Thursday, September 13, 2007

Sun Streams Through Windows

Sun Microsystems (nasdaq: JAVA - news - people ), the computer company whose co-founder and Chairman Scott McNealy derided Microsoft's (nasdaq: MSFT - news - people ) Windows operating system as a "welded-shut hairball," announced Tuesday it will be begin selling computer servers running Microsoft Windows.

Yes, Sun Microsystems truly has joined the ranks of PlanetMagpie and Tecolote Research as a "Microsoft Certified Gold Partner." McNealy wasn't immediately available for comment on the news, which will see his company selling software from the company he used to call "the evil empire" and "the beast from Redmond." However, the announcement builds on an agreement McNealy announced in April 2004 when he was still Sun's chief executive. As part of that arrangement, Microsoft paid Sun $1.95 billion to settle antitrust and patent complaints.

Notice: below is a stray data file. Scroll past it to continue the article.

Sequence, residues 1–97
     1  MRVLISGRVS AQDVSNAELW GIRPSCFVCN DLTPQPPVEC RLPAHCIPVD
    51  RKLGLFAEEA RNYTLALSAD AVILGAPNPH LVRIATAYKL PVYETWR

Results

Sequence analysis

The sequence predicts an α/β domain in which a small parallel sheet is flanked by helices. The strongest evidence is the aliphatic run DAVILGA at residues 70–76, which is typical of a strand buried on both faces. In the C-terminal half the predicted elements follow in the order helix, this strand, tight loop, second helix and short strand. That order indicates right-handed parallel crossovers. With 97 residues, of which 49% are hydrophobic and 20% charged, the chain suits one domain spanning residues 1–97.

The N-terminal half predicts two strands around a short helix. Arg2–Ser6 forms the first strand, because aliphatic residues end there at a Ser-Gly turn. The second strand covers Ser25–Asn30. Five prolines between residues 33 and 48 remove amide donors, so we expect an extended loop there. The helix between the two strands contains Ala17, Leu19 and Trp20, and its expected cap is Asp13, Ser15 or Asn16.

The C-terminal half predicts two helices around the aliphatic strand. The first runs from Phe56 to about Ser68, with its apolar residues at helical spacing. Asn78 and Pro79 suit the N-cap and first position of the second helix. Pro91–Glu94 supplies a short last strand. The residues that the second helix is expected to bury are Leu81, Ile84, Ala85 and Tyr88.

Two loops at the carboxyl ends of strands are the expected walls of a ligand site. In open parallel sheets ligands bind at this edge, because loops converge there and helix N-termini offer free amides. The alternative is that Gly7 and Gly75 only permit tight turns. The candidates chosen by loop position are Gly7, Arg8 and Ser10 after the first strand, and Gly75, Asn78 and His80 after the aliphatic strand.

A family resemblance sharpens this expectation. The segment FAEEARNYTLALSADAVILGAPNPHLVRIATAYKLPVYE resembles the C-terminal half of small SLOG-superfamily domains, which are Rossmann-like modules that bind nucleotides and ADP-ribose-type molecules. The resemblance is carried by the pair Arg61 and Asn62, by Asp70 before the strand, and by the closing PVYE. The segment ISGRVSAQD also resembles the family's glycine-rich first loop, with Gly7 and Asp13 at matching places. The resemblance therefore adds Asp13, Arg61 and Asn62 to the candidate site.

Sun set itself apart from other computer makers by doing it all: It designed its own microprocessors, its own operating system and was proud of it. But Sun's fortunes sagged after the dot-com bust as customers scrambled to cut costs and bought systems based on Intel microprocessors and either Microsoft or Linux software. Sun eventually followed suit, building servers powered by x86 class microprocessors from chip maker AMD, then Intel, and by building a rapprochement with its former rivals at Microsoft.

Now, not only will Sun make Windows Server 2003 available on servers using processors from Intel and AMD, Sun and Microsoft will cooperate to make their virtualization technologies work well with each other's operating systems. Both companies hope to benefit: Microsoft will get another invitation to the corporate data centers where Sun systems run along those of IBM (nyse: IBM - news - people ), HP (nyse: HPQ - news - people ) and Dell (nasdaq: DELL - news - people ). And Sun will try to ensure that Solaris remains a player.

Sun and Microsoft will seal their ongoing partnership by building an "Interoperability Center" on Microsoft's Redmond, Calif., campus, a place that would have seemed as mythical as Oz during the heat of the Microsoft antitrust investigation. The center will include an area where visitors can go see Sun hardware, no doubt running Windows software. Shares of Sun Microsystems rose 5 cents, to $5.66 from $5.61, in Wednesday trading.

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